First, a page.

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Finance and Money: Hectic Week

  • May 20th, 2010
  • Posted by 7thmin

eurosymbol-frankfurt.jpgCOMMENTARY: European Union Finance Ministers  this week came up with regulatory measures meant to  damp down speculative pressure on financial markets, while stock prices and the Euro currency began to slip.


The sixteen  Ministers from the Eurozone countries, then all 27, at Brussels (18.5.10), endorsed new controls on operators of hedge funds, imposing a transparency regime on their operations, demanding that these often obscure identities become registered, with remuneration rules for managers.

A new European law, a Directive, is being worked out between the Ministers and the European Parliament.

Hedge funds generally are investment funds open mostly to a limited selection of professional investors, with operations exemption from many regulations; following a wide range of trading activities that can include short selling; prone to follow high-risk / high-return strategies, (see Wikipedia, – 20.5.10).

An estimated 80% of holdings of these funds in Europe are controlled from London, and the new Conservative British government is understood to have argued against the control measure, sympathising also with American objections to an aspect of it – that restricting certain investment activity outside of the EU would be against free trade.

The Prime Minister, David Cameron, with a strong lobby of Europhobes or “Eurosceptics” in his Party, had his Foreign Minister William Hague on a visit to Washington two days after accession to office.

In the current crisis the Prime Minister has this week focused on the EU, venturing onto the European continent, to confer with the French President, Nicolas Sarkozy, in Paris on Thursday (20.5.10), and the German Chancellor, Angela Merkel, in Berlin today (21.5.10).

(More spontaneously Europhile in approach was the Deputy Prime Minister, Liberal-Democrat Nick Clegg, who’d been a short while before telling television viewers,24.4.10, about cranks in the anti-EU ranks: “nutters, anti-semites, people who deny climate change, homophobes…”, he thought).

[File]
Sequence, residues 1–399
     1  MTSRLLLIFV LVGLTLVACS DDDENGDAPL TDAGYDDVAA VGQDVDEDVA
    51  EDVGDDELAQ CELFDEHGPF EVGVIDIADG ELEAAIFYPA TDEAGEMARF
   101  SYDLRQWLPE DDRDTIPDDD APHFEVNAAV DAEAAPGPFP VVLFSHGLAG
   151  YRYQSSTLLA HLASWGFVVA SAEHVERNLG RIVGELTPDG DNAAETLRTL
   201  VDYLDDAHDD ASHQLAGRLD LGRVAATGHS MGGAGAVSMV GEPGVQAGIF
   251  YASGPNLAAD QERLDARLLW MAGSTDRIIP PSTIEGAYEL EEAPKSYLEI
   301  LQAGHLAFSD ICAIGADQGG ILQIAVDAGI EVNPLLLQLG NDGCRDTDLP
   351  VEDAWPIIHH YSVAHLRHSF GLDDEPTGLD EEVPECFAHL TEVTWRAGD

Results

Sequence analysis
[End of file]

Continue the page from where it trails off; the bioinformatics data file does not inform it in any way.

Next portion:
A further incident over regulatory moves developed on Wednesday (19.5.10) when the German government imposed constraints on trading normally reserved for a recessionary crisis – notably prohibition of “naked short selling”, (where traders bet on securities they don’t yet actually hold).


The German Chancellor generated some tension within the European partnership when she told an international economics congress in Berlin (20.5.10) Europe was facing its stiffest test in fifty years.

Informed opinion does show some consensus around the view that a choice has arrived: enforce fiscal and other commitments that come with being in the Eurozone (just as Merkel insists that Greece should have done, and must do from now on), so as to hold the group together; or see it fragmented.

Pressure has continued this week on share prices and the Euro on European markets, though there was some easing  on Thursday with a price recovery in several financial stocks and the currency improving on earlier lows against the US dollar.


At the Australian end of the global markets similar falls continued, in shares and the Australian dollar, reflecting fears that the trouble in Europe would hobble global recovery from recession; with impacts on commodity prices crucial to the trade-based economy.

“The Australian dollar fell Thursday to an eight-month low against its U.S. counterpart as global investors continue to spurn risk …”, said the Wall Street Journal.

“At its lowest Thursday, the Australian dollar was down 11% from its level of May 3 due to weaker commodity prices, continued risk aversion and an unwind of interest-rate hike bets.”

Australian dollar rates: $US 82.93 cents;  €67 Euro-cents; Pound Sterling 57.7 pence; (dcerates. com, 20.5.10).


James Glynn and Edna Curran (Sydney),  “Australian Dollar Hits Eight-Month Low”, Wall Street Journal, NY, 20.5.10.…, (20.5.10).

Oana Lungescu, “Germany’s Merkel hosts key finance regulation summit”, BBC News, London, 20.5.10., (20.5.10).

Michele Maatouk (Dow Jones, London), “Global Markets: European Stocks Higher; Euro Steadies”, Wall Street Journal, NY, 20.5.10., (20.5.10).

James Robbins (Diplomatic Correspondent, Washington), “Early Harmony in UK-US Relations”, BBC News, London, 14.5.10.…, (21.5.10).